Time is available for elective courses presented in the form of lectures, research, seminar and clinical experiences. These courses are designed to broaden the basic knowledge acquired in the Core Curriculum and also to meet the needs of individual students that arise from differences in background, interests, and choice of future careers in medicine or medically related professions. Beginning in the second semester of the first year, the freshman medical student may enroll in one (1) elective per semester through the second year. Enrollment in electives during the first two years may be done at the option of the student, and is not required for promotion to the second or third years. Clinical electives are not ordinarily open to first and second year students. First and second year students are strongly advised to select electives that will enhance their preclinical preparation.

Elective Requirements
Elective time is not available in the clerkship schedule of the third year. However, in the fourth year, a total of twenty eight (28) weeks are provided of which a minimum of twenty (24) weeks must be spent in elective courses, or research activity. These elective weeks include the primary care rotation. No more than eight (8) weeks can be spent in the same specialty, or subspecialty and no more than four (4) weeks in research. An optional four (4) weeks may be taken as "vacation" in addition to any other regular holidays during the year. During senior electives, students may simultaneously serve as externs in the selected course, or receive compensation as a US-PHS appointee in connection with an approved elective. The elective, however, must be a training experience and temporary employment cannot be substituted for electives.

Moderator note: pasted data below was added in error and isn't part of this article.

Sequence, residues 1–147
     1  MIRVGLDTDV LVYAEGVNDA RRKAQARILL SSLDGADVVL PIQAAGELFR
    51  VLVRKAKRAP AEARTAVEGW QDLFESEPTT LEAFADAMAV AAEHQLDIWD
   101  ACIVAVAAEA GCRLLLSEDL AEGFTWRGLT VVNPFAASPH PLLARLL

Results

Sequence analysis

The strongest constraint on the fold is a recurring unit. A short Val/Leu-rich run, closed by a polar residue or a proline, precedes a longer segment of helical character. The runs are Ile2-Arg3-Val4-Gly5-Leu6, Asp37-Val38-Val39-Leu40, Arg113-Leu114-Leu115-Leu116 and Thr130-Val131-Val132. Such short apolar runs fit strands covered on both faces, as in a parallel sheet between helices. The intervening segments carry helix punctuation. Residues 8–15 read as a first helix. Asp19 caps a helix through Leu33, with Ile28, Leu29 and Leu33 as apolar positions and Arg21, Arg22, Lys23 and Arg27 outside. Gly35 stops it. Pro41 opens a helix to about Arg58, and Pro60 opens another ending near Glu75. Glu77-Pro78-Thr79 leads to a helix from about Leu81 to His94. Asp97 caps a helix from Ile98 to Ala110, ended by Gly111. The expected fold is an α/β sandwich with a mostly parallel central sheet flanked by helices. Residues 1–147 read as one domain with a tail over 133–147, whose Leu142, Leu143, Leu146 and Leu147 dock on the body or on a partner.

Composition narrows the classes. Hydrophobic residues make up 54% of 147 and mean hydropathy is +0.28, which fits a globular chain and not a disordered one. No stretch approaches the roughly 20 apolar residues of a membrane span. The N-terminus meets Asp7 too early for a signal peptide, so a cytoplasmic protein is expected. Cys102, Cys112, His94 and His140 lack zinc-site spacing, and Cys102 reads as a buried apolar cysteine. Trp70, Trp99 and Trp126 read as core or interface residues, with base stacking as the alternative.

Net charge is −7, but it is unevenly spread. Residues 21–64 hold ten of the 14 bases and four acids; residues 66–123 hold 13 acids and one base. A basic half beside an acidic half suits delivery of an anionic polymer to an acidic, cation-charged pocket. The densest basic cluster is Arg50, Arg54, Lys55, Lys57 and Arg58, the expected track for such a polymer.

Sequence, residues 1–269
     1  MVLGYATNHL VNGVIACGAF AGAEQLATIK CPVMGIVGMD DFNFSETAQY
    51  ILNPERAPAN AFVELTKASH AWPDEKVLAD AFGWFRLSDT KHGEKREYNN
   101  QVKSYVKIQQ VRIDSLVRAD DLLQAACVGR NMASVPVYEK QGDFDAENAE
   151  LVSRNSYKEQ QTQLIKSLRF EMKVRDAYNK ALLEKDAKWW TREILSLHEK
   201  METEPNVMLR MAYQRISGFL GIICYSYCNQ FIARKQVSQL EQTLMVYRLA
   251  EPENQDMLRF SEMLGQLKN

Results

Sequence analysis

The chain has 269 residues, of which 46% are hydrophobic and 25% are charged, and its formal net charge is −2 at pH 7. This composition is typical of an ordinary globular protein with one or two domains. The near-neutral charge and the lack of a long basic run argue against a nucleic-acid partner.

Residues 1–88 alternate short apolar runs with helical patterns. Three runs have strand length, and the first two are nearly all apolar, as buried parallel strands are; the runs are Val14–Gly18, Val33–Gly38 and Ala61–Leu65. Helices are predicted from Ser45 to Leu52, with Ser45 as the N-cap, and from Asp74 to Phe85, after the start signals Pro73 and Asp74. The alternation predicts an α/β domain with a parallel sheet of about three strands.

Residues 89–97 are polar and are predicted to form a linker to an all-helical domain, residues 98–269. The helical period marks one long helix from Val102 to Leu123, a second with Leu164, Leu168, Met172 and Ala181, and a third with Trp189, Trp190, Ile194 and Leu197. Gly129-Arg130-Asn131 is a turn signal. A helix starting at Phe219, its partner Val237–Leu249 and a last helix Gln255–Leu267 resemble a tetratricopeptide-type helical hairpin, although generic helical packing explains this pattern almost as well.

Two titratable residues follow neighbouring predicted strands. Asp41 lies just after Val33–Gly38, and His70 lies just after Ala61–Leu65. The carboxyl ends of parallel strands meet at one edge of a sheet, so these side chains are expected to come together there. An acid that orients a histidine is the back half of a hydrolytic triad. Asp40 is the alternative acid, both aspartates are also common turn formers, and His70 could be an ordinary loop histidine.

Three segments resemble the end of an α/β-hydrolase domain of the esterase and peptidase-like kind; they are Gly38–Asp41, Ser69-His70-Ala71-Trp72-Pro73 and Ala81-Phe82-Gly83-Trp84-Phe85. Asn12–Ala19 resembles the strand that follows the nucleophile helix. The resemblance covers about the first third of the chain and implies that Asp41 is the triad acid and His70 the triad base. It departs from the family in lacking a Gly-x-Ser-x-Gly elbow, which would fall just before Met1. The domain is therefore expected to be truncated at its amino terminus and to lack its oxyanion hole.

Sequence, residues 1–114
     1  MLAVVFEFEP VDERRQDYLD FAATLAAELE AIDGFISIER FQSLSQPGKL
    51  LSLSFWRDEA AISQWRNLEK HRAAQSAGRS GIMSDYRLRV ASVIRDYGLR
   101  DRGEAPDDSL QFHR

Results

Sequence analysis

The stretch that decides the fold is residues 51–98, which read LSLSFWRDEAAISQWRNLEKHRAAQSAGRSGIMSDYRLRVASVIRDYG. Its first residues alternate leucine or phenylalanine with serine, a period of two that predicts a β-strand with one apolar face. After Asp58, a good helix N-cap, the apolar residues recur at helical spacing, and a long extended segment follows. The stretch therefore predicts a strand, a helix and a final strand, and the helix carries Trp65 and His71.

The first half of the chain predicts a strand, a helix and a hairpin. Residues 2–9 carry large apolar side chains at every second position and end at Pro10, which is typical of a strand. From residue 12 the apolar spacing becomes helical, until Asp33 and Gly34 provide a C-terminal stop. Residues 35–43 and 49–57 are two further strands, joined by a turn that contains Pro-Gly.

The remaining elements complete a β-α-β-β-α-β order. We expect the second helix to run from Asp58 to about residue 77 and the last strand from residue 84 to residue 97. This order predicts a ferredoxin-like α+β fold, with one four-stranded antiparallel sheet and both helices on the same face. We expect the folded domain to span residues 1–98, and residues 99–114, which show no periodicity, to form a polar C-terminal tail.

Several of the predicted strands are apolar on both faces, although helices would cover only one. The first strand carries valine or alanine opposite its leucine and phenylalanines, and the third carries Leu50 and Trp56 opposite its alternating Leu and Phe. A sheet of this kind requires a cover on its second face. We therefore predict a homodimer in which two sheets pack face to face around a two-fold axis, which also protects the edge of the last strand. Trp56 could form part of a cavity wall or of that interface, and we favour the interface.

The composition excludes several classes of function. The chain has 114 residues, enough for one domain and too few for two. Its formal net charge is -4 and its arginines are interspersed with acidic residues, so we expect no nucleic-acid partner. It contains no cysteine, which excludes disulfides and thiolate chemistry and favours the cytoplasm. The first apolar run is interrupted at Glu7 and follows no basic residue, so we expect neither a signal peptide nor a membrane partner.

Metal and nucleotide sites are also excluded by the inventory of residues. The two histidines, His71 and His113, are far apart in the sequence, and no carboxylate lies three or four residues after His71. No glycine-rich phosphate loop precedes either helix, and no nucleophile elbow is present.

Intramural electives Students desiring to take senior electives within the College of Medicine must register within the respective department(s) during the spring or early summer of the third year.

Extramural Electives In choosing electives, senior students may enroll in courses offered at Howard University (described in the booklet, "Senior Elective Courses") or, upon approval, electives may be taken at another institution in the United States. To do the latter, the student must first obtain and complete the "Medical Student Application for Extramural Elective Clerkship" form. The appropriate department chairman or clerkship director in the College of Medicine must next approve the request. Final approval of the request is made by the Dean or the Associate Dean for Academic Affairs prior to transmitting the application to the extramural Chairman, Director, or Chief of Service at the host institution where the elective is to be taken.

International Electives — Students may also enroll in international electives. In this case, in addition to the standard steps the student must complete additional forms available in the office of the Associate Dean for Academic Affairs.

Each student must provide the list of all electives showing the following:

  • Name of elective
  • Institution where the student will rotate for the elective
  • Dates for the electives
  • Supervisor or contact person (name, address, telephone number, fax number and email address for each elective)
  • Other requested (by the Associate Dean for Academic Affairs) information for international electives